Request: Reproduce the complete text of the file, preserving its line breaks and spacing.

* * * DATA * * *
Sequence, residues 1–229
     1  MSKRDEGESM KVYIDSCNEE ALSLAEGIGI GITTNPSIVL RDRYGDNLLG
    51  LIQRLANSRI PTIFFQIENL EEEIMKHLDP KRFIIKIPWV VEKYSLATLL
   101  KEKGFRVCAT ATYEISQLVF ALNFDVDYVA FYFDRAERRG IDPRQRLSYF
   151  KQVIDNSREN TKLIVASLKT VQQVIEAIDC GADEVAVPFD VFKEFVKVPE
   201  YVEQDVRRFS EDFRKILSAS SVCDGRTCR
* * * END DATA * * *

Sequence, residues 1–229
     1  MSKRDEGESM KVYIDSCNEE ALSLAEGIGI GITTNPSIVL RDRYGDNLLG
    51  LIQRLANSRI PTIFFQIENL EEEIMKHLDP KRFIIKIPWV VEKYSLATLL
   101  KEKGFRVCAT ATYEISQLVF ALNFDVDYVA FYFDRAERRG IDPRQRLSYF
   151  KQVIDNSREN TKLIVASLKT VQQVIEAIDC GADEVAVPFD VFKEFVKVPE
   201  YVEQDVRRFS EDFRKILSAS SVCDGRTCR